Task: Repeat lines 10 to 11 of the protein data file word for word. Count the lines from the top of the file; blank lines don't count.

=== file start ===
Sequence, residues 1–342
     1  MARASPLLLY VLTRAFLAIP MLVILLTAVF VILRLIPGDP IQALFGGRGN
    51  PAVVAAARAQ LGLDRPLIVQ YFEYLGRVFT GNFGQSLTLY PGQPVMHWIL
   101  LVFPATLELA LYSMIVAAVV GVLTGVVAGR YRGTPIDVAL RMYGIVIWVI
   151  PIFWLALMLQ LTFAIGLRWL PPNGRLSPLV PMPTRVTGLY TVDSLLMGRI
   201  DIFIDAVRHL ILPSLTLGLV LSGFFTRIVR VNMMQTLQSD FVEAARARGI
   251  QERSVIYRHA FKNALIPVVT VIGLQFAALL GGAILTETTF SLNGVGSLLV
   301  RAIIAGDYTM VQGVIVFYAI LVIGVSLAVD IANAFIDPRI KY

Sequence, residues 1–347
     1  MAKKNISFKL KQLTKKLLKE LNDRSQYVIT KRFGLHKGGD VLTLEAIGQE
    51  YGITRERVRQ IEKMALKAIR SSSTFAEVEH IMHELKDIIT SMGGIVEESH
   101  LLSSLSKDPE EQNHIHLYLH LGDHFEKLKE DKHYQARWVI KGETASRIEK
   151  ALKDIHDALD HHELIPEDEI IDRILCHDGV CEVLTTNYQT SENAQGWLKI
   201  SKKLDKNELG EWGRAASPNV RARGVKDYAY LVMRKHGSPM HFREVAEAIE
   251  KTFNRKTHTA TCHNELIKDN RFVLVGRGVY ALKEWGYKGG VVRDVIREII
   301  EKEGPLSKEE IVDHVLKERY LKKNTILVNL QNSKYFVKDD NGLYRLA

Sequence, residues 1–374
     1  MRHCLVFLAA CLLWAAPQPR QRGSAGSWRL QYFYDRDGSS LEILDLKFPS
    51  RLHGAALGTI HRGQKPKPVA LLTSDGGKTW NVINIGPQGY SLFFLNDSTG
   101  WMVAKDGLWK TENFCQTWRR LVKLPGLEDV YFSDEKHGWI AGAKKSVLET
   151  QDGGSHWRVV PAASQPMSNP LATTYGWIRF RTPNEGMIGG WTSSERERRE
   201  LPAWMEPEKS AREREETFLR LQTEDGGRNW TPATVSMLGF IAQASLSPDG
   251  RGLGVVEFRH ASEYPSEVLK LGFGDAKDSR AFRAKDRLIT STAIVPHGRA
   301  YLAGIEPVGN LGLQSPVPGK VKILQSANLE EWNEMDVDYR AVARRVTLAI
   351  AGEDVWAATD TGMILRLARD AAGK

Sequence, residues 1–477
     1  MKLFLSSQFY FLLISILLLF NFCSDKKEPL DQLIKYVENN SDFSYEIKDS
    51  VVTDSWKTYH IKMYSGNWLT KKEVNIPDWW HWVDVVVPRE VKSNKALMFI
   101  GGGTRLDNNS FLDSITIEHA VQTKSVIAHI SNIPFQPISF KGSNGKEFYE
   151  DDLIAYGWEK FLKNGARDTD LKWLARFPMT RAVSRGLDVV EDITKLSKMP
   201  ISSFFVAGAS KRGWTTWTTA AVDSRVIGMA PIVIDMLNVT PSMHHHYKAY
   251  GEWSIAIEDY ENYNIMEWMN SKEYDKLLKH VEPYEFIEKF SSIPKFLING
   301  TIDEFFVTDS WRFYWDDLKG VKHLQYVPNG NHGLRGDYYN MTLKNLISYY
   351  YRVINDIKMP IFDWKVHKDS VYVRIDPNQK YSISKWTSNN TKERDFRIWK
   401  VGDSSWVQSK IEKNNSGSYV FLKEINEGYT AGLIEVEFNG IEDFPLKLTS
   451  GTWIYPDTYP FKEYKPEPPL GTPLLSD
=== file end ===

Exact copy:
     1  MAKKNISFKL KQLTKKLLKE LNDRSQYVIT KRFGLHKGGD VLTLEAIGQE
    51  YGITRERVRQ IEKMALKAIR SSSTFAEVEH IMHELKDIIT SMGGIVEESH